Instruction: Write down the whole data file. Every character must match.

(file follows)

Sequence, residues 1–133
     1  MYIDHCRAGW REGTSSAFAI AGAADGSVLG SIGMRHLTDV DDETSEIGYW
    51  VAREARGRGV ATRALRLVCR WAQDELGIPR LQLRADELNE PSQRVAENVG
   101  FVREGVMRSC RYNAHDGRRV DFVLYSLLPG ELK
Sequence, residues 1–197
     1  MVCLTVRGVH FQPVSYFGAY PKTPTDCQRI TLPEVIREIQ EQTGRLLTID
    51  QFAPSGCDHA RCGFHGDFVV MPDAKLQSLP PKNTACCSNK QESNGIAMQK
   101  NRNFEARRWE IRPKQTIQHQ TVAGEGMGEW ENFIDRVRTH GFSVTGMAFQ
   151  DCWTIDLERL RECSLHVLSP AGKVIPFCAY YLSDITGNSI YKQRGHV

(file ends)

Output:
Sequence, residues 1–133
     1  MYIDHCRAGW REGTSSAFAI AGAADGSVLG SIGMRHLTDV DDETSEIGYW
    51  VAREARGRGV ATRALRLVCR WAQDELGIPR LQLRADELNE PSQRVAENVG
   101  FVREGVMRSC RYNAHDGRRV DFVLYSLLPG ELK
Sequence, residues 1–197
     1  MVCLTVRGVH FQPVSYFGAY PKTPTDCQRI TLPEVIREIQ EQTGRLLTID
    51  QFAPSGCDHA RCGFHGDFVV MPDAKLQSLP PKNTACCSNK QESNGIAMQK
   101  NRNFEARRWE IRPKQTIQHQ TVAGEGMGEW ENFIDRVRTH GFSVTGMAFQ
   151  DCWTIDLERL RECSLHVLSP AGKVIPFCAY YLSDITGNSI YKQRGHV